Stephen Tanzer's


Many sommeliers enjoy unwinding with a beer after a full workday spent talking about wine with clients, matching wines to dishes, tasting wine, drinking wine….wine, wine, wine. Can you tell us your favorite beer these days, and what you like about it?

Christopher P. Bates, M.S., F.L.X. Wienery (Dundee, NY). Oh boy. Where to even start with my favorite refreshing beverage? Like many of us, I find myself reaching for a beer as often as wine for my own pleasure—if not more often. Whether it’s the end of a long day at work (kitchen or floor), after a long day working in the winery, or tasting/teaching/discussing wine, a beer is often the most necessary of evils.As we say in the wine industry, “It takes a lot of great beer to make great wine.” But, I am always shocked when people are surprised that when most of us industry folk get together, it is often for a beer, not a glass of wine (occasionally both, shhh).

As for making a beer recommendation, picking one is NOT possible, so, here goes:

I tend to cycle in and out of what I am enjoying, both seasonally and just from interest/excitement. So, my basic style categories I reach for are sours, saisons and stouts, but there is certainly a place for crisp refreshing lagers (like while breaking down at the end of the night), wheat beers (any time I am in the sun) and occasionally a hop forward beer.

Let’s begin with sours. One of my all-time favorites still has to be Rodenbach Grand Cru. The beer combines excellent drinkability, freshness, tartness and an amazing amount of complexity, all for an unreasonably good price point. A blend of old and young sour red ales, the beer has tartness but a noticeable sweetness to it, making it one of the more approachable sours for those who do not tend to gravitate towards the style. Furthermore, it is readily available. On a more rare note, if I am treating myself and in the mood for sour, I cannot imagine being more happy than with a Russian River sour. Supplication with sour cherries and aged in pinot barrels for something deep and brooding, or Temptation (a blond aged in chard barrels) for refreshment. Both should be enjoyed in the same fashion as the best of wines.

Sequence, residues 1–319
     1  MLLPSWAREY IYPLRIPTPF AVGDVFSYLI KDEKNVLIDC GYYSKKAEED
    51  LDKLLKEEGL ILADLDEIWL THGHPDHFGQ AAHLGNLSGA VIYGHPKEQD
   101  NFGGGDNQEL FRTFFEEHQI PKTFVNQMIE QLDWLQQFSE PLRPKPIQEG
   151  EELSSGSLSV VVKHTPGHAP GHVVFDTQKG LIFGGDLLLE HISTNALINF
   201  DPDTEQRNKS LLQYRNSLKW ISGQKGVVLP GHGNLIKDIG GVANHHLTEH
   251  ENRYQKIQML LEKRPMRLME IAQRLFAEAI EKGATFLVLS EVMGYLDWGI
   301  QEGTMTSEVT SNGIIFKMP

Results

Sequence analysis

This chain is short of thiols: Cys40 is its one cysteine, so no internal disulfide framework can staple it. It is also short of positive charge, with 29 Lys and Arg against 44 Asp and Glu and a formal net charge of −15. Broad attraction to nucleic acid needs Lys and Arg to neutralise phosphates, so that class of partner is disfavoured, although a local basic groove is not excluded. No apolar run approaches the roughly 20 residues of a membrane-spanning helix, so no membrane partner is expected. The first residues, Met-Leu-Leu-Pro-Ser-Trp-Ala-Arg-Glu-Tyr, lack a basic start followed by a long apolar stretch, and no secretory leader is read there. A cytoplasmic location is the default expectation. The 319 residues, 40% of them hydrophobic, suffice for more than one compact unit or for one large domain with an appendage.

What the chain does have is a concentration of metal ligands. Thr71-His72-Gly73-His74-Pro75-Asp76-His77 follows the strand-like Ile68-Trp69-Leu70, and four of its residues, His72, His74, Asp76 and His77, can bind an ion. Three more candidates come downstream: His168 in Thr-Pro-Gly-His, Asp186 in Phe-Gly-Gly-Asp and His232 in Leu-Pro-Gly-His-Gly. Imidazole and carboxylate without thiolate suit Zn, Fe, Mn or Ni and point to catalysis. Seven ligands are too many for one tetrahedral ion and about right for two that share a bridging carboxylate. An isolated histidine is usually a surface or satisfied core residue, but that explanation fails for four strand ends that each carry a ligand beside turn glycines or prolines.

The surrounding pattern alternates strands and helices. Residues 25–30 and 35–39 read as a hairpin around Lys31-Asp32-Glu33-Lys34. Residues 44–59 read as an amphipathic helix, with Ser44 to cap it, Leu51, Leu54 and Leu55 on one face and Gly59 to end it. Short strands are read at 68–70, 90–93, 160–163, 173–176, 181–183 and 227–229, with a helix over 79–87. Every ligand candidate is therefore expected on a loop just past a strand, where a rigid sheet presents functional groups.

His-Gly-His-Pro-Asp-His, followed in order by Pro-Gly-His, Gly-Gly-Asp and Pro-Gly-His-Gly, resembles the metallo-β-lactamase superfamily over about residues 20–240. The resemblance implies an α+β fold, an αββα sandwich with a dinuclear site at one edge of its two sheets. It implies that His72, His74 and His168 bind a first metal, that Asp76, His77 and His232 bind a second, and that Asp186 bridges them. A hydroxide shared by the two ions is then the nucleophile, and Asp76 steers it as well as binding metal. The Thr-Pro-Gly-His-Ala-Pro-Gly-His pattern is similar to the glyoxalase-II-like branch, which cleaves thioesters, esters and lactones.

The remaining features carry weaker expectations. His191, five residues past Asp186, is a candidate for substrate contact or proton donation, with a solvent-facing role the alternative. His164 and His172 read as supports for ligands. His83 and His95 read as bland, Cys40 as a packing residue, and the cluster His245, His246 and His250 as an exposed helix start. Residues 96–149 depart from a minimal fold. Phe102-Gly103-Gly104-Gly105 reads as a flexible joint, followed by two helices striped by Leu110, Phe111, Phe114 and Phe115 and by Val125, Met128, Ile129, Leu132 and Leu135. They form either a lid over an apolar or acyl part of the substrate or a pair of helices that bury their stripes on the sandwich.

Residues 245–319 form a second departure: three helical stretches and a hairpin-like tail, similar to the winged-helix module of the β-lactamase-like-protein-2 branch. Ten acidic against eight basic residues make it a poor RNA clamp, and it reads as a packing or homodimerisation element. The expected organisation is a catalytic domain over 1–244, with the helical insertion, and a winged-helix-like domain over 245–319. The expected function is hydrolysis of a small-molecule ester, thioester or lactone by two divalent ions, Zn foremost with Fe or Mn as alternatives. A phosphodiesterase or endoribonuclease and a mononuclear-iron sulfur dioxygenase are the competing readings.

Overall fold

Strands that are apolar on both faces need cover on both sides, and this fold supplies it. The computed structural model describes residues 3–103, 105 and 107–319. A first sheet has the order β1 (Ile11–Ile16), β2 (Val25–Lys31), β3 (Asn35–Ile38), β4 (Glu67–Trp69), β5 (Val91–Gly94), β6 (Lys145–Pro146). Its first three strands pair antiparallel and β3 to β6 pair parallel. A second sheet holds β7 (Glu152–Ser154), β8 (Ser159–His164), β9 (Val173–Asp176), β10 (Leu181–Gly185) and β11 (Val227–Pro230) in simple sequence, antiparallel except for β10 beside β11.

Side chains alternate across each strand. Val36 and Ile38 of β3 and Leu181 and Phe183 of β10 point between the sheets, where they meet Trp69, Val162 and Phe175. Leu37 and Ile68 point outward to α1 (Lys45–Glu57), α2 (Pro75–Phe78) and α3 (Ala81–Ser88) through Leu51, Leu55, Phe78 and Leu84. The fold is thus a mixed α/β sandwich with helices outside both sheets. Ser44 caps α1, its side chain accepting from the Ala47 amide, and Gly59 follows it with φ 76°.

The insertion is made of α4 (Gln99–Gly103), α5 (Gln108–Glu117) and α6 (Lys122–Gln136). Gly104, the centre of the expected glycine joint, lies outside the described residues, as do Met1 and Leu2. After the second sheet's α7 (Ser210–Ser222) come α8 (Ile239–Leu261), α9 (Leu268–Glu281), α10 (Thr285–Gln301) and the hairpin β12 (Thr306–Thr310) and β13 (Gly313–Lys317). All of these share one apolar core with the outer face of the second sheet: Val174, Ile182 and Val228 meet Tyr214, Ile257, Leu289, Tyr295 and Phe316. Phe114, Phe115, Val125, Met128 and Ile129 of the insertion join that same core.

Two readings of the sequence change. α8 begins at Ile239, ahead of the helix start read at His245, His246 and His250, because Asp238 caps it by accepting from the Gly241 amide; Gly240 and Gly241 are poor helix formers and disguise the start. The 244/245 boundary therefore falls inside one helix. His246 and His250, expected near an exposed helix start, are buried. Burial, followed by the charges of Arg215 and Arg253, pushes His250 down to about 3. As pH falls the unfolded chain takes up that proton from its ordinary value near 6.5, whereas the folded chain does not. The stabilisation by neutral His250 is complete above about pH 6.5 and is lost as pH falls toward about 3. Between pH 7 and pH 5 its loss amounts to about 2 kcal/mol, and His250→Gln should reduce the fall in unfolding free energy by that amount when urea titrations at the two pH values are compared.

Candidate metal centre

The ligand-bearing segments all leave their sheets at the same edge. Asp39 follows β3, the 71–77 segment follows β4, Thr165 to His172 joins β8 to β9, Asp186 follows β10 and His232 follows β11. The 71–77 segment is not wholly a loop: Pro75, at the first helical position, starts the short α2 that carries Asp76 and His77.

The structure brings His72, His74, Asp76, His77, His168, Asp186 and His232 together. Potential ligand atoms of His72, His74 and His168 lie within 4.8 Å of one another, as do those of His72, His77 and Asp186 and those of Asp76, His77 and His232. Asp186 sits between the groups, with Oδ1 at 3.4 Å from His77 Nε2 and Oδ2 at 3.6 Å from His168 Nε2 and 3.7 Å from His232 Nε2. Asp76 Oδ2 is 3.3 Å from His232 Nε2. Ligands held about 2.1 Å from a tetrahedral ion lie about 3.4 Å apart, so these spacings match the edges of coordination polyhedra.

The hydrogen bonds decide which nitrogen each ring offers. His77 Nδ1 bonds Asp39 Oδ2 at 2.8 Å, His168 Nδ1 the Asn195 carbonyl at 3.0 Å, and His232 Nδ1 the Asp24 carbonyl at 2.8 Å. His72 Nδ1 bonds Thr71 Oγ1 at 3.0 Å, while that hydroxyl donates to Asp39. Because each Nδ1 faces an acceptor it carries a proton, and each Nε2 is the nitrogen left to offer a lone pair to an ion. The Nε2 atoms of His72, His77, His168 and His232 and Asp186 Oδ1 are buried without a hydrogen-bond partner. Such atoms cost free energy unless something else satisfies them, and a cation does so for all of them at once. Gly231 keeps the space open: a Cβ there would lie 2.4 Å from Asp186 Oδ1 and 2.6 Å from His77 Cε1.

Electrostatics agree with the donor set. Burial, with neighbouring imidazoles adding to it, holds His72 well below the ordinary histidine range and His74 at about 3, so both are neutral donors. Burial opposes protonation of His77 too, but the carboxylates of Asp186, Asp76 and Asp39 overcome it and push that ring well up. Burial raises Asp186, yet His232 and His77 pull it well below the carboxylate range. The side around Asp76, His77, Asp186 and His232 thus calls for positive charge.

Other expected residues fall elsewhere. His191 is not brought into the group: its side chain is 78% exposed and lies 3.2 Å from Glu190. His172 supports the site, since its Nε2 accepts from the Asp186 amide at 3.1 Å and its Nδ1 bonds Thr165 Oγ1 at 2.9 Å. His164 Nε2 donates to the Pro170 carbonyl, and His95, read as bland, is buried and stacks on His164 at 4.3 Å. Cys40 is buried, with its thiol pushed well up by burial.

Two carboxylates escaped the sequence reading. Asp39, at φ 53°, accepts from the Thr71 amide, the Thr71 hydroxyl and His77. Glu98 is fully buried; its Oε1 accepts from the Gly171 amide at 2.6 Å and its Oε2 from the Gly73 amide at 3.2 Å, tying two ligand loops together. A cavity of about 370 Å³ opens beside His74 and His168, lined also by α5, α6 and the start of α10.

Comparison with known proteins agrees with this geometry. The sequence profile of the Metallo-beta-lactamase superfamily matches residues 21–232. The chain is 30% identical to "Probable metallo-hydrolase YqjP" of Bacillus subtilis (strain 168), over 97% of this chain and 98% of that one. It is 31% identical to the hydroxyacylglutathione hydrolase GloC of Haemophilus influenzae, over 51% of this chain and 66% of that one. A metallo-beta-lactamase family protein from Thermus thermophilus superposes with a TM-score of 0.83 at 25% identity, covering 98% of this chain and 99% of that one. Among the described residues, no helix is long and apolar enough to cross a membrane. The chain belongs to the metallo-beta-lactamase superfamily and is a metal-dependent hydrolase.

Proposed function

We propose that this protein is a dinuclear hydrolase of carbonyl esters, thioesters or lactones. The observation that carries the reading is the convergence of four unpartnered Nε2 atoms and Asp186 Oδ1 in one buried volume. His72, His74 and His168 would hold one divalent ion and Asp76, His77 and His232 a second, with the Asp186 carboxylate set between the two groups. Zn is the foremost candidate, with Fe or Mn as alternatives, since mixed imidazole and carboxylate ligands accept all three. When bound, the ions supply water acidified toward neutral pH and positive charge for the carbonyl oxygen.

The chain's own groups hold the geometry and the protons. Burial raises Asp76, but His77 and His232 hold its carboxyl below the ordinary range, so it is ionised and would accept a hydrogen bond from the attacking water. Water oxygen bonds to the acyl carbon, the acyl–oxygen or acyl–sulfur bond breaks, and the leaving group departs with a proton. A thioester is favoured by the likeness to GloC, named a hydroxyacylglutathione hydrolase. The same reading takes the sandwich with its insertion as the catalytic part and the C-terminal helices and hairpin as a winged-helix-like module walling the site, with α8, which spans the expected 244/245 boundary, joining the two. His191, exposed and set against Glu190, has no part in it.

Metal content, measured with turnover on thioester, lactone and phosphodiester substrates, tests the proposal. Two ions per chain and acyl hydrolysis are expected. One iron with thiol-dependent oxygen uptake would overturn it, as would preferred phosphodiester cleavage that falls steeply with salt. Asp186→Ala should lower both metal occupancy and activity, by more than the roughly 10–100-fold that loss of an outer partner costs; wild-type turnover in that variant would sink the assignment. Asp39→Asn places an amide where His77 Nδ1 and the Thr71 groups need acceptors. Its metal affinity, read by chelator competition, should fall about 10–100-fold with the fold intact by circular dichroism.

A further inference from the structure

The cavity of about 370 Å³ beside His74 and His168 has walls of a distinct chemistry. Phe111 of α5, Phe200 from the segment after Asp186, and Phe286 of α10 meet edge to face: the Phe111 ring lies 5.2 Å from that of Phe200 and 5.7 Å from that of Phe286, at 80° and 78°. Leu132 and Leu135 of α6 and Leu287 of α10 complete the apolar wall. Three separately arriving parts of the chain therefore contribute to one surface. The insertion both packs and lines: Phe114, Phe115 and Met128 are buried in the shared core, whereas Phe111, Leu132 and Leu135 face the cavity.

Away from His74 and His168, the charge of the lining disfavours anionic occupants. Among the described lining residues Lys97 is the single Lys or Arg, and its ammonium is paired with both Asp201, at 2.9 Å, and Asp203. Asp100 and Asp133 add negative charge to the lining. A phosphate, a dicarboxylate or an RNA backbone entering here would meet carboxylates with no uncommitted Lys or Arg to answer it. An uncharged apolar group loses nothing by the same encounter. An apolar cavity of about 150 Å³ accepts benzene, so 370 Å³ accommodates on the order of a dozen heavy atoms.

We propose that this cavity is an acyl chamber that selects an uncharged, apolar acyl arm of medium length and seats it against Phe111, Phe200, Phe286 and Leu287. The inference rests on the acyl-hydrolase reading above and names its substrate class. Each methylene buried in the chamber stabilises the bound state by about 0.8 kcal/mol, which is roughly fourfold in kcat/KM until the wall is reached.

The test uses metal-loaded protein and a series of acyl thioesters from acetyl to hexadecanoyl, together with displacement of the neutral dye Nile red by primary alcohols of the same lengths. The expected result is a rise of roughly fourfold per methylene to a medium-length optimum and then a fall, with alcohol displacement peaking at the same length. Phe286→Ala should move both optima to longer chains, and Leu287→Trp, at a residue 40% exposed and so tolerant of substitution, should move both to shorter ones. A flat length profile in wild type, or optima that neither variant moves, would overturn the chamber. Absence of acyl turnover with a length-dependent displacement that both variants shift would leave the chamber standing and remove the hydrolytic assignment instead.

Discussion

For something a little easier to share (not everyone loves a sour like I do), I love the saison category. With a really spicy, complex yeast profile and a noticeable but not dominant hop characteristic, these beers are just pure delicious; they do not demand attention but can certainly handle it. Brasserie Dupont really is the king of the style. While the style has blown up and gotten a lot of attention lately, and more and more brewers are producing the style, I find a lot lack the balance of Dupont, whose Foret Blanche is one of the great hallmarks, and when I really want something fun, the Bier de Mièle is truly delicious. For an American version, the saison brewed by Stillwater is stunning with white sage.

Whiles those are both beers for refreshment, every once in a while I want a beer to cuddle me to sleep after a long day, one beer to envelop me: I have always had a sweet spot for stout. While the category has gone crazy on the extremes (ABV well above 10% is the norm, with 15% not rare, and the misuse of oak runs rampant still), I still find Founders Breakfast Stout to be one of my favorite examples of rich and creamy, roasted and heady, yet still balanced. For something a little more rare, I seriously love Firestone Walker’s Parabola, an oak-aged monster that walks the fine line of balance between sweet, rich, and alcohol.

While hops for a long time was the beer version of oak in wine (more is always better: the way to make your wine/beer more serious/expensive/rare is to add more oak/hops), it is finally getting under control, and like oak in wine, more and more producers are starting to focus on the fact that it is the quality, not the quantity, that will make the finished product stand out. That being said, I feel that most breweries still don’t hop their IPAs well. One of the notable exceptions, despite not wanting to like it, is Alchemist’s Heady Topper. It truly shows a master of hopping and actually lives up to the hype. Unfortunately, it is nearly impossible to find, but, if you are able to get your hands on one, DO NOT follow the instructions on the can to drink it directly from the can. Pour this beer into great glassware and enjoy the aroma and balance of perfect hopping from start to finish.

And, because we all have one, my guilty pleasure is, as would be appropriate, the Champagne of Beers. Yes, I love the High Life. Miller is my brand allegiance for cheap beer.

July 15th, 2014 | no comments

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